Weeded out

Despite pleas from NORML’s current president and former vice president, resolution BRHR-11-03 “More Sensible Cannabis Policies,” was tabled indefinitely on Feb. 25 at the last Boca House of Representatives meeting.

The vote was 12 to eight.

With this outcome, the legislation will float in limbo until modified and reintroduced to the House.

“We don’t need to have a system that penalizes students as harsh as now,” said NORML President David Aarons during the meeting, whose student organization opposes marijuana prohibition. “We need to be at the standard of other states.”

During his speech to try to convince representatives to pass the resolution, Aarons presented 500 petitions signed by FAU students and professors in favor of a change in the current on-campus penalization system.

NORML’s former vice president also named universities that have passed similar legislation.

But the resolution also faced strong opposition from representatives and from other student organizations.

“Violent criminals and non-violent criminals should be penalized the same way,” said Jon Taylor, president of FAU’s Republican club, referring to people found in possession of marijuana. “They are all criminals.”

The resolution called for students caught with one ounce or less of marijuana on campus to be reprimanded in the same way as a student found drinking alcohol.

Currently, a student smoking marijuana inside the dorms could face expulsion while those illegally drinking alcohol will get two more chances to redeem themselves.

According to House Speaker Boris Bastidas, the legislation could be reintroduced once students get to vote on the issue, something which was scheduled to happen during these Spring elections but didn’t happen because SG wasn’t following the statutes on polling procedures.

As of now, there’s no set date for the students to be polled on the matter.
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15 Responses to “Weeded out”

  1. Jeffrey Arnold Says:

    I believe that the law is the law and special considerations are wrong. Should we also make exceptions to other illegal substances on campus? The fact remains that under federal law marijuana is a schedule 1 drug with no medicinal purpose. On the other hand alcohol is legal with an age restriction only and is widely distributed legally. It is very simple federal law is marijuana = illegal, alcohol = legal. This also transfters down to the state or an arm of the state(FAU) has the authority to regulate the distribution and sale of alcohol, as well as the consequences. Until you change the law there can be no special considerations in it’s application.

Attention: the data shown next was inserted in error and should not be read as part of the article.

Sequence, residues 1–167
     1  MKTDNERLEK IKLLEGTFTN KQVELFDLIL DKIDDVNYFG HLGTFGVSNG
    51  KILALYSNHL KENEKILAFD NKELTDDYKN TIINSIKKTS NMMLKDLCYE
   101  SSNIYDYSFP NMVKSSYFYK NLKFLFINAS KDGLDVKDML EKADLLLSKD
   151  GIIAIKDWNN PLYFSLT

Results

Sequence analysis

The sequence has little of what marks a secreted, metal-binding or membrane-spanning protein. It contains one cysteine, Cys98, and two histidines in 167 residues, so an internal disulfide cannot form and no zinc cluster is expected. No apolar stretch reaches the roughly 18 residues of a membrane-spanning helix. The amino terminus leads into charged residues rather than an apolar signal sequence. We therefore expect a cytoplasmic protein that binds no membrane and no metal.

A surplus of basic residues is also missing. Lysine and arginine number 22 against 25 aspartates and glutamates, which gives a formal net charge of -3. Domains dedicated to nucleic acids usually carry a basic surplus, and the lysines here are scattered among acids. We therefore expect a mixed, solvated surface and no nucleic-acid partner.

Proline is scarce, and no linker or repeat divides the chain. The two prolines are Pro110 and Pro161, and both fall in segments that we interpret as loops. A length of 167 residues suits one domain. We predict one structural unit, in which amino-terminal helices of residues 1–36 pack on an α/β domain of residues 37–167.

2. David Aarons Says:

    Are you aware that the same government who puts marijuana as a schedule 1 substance with no medical use, has taken out a medical patent on marijuana? http://www.digitaljournal.com/article/257008 . And that same government grows marijuana on the University of Mississippi and gives that marijuana out to people like Irv Rosenfeld (http://stopthedrugwar.org/chronicle-old/363/irv.shtml)? Also, FAU has the ability to have a more sensible drug policy. The cops have to do what the cops have to do, but FAU does not have to kick students out of the dorms. According to the Higher Education Act FAU must have a drug policy, but it is up to FAU what penalties that drug policy entails.

  3. Jon Taylor Says:

    The resolution asked the school to ignore a felony drug trafficking charge, thus allowing convicted felons, stripped of gun ownership and federal financial aid, ineligible for any job prohibiting felony convictions, to live among law abiding students who have no such burdens.

    I, for one, do not wish to associate with felons, let alone live with one.

  4. David Aarons Says:

    And that error will be fixed. I discussed with members of the house lowering it from one ounce to 20 grams or less, which is a misdemeanor in Florida, just like underage drinking. However, it did not say that students would not be subject to the state or federal law. Again, the cops have to do their job, but the school does not have to impose such strict sanctions. The resolution would not protect drug traffickers from getting kicked out of housing.

  5. Jon Taylor Says:

    David, I commend your efforts to fix a bill that went way too far, but is the bill materially different when you are only reducing the amount permissible by a little over 8 grams?

  6. Jeffrey Arnold Says:

    Is there a true difference in the bills considering no matter how you look at it marijuana is cometely illegal in Florida there is no medicinal usage and a facility of higher learning should not condone in the form of lax punishment structures the usage of illegal substances.

  7. David Aarons Says: